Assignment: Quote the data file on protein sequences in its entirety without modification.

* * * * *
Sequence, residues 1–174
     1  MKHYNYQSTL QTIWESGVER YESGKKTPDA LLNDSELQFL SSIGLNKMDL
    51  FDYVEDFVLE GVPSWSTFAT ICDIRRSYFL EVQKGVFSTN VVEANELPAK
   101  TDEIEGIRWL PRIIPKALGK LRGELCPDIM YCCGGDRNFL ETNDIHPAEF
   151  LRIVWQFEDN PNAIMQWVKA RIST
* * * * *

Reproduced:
Sequence, residues 1–174
     1  MKHYNYQSTL QTIWESGVER YESGKKTPDA LLNDSELQFL SSIGLNKMDL
    51  FDYVEDFVLE GVPSWSTFAT ICDIRRSYFL EVQKGVFSTN VVEANELPAK
   101  TDEIEGIRWL PRIIPKALGK LRGELCPDIM YCCGGDRNFL ETNDIHPAEF
   151  LRIVWQFEDN PNAIMQWVKA RIST